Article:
Community bands together to restore students’ field trips

RUSSELLVILLE, Mo. — Fond memories for many adults come from their field trips as elementary students.

For some children, the school-sponsored excursion may be their only opportunity to see the world outside their hometown.

For all students, the field trip creates an immersion experience connecting them to classroom studies.

Because of state funding issues in 2012-13, Russellville youngsters lost out on a year’s field trip.

Among those were Jamie Sullivan’s then-kindergartner, Lawson, who would have experienced his first field trip.

To make sure Lawson and the other Russellville students were able to have field trips this school year, Sullivan and nearly 40 other parents joined together with a single purpose — raise enough funds to cover bus driver wages and mileage for every class.

“So many parents really wanted to see them come back,” Sullivan said.

A 5K event in October, combined with an outpouring of businesses and community donations, quickly surpassed the goal of $2,500.

That means first-graders are headed to the Rock Bridge High School planetarium in Columbia, second-graders to the Runge Nature Center, third-graders to the Missouri State Highway Patrol Museum, fifth-graders will explore a cave, and kindergartners will have an adventure at Flipz Gym in Columbia.

The district will cover the fourth-graders’ traditional visit to the Capitol as part of their Missouri history studies.

“Our PTO has been very supportive of our school throughout the years, but did not have the funds to add this project to the things they were already doing,” said Elementary Principal Karen Ponder. “I think this is just another example of the outstanding support our small community has for our school.”

Sullivan and the other parents, as well as the school administrators, hope the state transportation funding will be restored for the next school year, so that ongoing fundraising projects won’t be necessary.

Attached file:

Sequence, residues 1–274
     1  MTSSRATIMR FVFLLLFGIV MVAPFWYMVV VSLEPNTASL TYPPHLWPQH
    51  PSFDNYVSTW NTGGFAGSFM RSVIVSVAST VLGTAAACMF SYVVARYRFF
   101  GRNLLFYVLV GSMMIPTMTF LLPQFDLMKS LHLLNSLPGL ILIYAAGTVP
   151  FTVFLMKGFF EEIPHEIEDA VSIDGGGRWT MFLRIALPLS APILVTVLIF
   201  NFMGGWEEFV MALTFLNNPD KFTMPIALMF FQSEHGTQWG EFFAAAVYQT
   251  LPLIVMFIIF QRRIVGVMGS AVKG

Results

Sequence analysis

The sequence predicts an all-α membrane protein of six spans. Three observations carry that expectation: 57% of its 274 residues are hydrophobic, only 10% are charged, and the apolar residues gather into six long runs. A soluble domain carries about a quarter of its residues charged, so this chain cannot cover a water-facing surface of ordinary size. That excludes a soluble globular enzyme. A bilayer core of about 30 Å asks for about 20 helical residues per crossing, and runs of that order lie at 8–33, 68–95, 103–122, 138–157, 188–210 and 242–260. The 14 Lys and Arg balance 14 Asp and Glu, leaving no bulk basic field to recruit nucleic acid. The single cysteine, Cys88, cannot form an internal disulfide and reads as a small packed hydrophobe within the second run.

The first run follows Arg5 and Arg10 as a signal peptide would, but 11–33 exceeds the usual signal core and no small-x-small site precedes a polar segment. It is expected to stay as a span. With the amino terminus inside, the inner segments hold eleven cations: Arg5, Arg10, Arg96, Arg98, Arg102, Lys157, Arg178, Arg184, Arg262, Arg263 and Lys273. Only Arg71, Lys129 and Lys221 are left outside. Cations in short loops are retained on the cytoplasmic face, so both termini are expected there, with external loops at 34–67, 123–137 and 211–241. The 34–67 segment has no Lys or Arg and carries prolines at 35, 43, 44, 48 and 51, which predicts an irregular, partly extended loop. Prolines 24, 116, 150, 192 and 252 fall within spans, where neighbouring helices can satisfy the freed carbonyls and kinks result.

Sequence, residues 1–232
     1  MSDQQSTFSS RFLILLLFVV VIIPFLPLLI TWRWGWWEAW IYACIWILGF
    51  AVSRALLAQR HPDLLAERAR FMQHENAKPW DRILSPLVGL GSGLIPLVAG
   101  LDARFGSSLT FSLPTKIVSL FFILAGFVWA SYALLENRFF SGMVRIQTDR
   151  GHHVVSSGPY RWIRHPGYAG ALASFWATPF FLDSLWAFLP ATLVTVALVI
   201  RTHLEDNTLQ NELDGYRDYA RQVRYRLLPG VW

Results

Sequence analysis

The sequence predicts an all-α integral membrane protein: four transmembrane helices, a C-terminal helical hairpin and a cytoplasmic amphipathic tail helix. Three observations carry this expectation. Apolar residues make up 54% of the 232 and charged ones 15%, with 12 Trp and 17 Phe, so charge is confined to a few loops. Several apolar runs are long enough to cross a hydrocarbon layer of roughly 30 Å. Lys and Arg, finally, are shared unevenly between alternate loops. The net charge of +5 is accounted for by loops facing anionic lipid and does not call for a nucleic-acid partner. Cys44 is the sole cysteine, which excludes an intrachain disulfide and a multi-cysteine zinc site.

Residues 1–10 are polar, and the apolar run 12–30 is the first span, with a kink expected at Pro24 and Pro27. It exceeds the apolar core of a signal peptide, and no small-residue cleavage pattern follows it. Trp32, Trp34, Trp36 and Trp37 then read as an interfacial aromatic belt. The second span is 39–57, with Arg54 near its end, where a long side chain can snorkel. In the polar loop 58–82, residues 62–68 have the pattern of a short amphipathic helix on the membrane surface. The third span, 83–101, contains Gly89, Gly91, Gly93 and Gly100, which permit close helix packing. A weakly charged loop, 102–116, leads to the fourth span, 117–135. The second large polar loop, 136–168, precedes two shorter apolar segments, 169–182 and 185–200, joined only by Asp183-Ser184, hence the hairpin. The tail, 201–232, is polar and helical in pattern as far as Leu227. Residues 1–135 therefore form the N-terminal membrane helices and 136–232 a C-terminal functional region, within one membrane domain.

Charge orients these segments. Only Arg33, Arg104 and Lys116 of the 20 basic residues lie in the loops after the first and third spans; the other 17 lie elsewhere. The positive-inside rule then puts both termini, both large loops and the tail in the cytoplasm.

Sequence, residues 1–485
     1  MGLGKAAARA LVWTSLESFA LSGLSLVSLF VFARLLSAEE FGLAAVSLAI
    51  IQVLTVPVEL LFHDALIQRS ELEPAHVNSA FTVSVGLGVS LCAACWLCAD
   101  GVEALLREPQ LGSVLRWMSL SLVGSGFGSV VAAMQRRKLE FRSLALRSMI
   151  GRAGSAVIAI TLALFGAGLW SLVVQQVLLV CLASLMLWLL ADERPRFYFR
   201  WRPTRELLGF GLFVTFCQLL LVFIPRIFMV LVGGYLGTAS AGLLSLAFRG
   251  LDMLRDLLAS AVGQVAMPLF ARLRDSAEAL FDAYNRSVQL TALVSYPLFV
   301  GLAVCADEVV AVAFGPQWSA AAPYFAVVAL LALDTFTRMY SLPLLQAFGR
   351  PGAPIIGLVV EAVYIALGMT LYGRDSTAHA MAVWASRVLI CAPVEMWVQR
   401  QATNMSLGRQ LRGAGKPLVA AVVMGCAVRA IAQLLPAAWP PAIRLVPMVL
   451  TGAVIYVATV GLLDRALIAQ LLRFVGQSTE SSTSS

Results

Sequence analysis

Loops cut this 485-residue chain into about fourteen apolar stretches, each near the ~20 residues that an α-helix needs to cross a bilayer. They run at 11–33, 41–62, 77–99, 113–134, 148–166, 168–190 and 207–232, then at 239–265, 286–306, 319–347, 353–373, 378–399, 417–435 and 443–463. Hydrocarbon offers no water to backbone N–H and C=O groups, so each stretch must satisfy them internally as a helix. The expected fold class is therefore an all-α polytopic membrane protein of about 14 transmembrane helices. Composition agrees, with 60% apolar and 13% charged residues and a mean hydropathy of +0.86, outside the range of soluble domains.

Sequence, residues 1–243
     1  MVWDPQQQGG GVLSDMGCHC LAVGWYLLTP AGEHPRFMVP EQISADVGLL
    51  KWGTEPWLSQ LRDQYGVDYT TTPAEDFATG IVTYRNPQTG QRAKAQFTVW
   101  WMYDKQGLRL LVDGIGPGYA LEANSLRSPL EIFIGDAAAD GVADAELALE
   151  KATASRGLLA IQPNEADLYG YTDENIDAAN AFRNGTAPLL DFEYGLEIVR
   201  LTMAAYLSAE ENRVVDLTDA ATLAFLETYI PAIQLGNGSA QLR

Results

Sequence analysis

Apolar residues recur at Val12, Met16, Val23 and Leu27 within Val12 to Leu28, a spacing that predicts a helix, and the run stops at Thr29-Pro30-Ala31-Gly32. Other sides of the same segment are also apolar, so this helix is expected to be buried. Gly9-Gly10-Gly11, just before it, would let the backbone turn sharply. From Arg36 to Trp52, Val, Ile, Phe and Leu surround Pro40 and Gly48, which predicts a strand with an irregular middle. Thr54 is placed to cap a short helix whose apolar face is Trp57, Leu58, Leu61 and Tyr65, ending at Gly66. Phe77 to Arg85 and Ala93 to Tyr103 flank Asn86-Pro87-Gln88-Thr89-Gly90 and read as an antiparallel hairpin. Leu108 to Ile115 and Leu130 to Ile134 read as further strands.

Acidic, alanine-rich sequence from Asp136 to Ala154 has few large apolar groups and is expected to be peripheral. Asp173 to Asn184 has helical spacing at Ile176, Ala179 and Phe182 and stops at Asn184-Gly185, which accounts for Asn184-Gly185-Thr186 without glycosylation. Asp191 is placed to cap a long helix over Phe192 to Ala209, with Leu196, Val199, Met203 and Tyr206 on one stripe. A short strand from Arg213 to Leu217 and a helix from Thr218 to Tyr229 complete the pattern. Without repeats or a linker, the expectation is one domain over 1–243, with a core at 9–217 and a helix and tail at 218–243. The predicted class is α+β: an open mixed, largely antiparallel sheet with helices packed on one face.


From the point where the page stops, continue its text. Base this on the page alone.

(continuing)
Last school year, Russellville spent $258,000 on transportation with only $71,000 reimbursement from the state transportation formula, which is supposed to be 75 percent. This scenario has been going on for the past several school years.

“Our district must make up the $180,000 difference in transportation from other funds that could be used in other instructional areas,” said Superintendent Jerry Hobbs. “As a result of reduced funding by the state, we (also) have reduced two bus routes … to control transportation costs in our district.”

The parents have a Facebook page and plans ready to host another event in the fall, if needed.

As a former first-grade teacher, Sullivan said she has seen the impact the outings have.

“It’s so amazing to take these kids out and make connections with what you’ve been working with all year,” she said. “Hands-on activities are one of the greatest learning experiences — to see, touch and do.”

Apparently, the community also recognized the value of field trips.

Mid-Missouri businesses responded generously. Russellville residents without children in school gave, too.

And then, some of the bus drivers volunteered their services.

“I was surprised,” Sullivan said. “I couldn’t believe what was important to a couple of us was also so important to so many more. I’m thankful and excited to see how everyone wanted this happen.”

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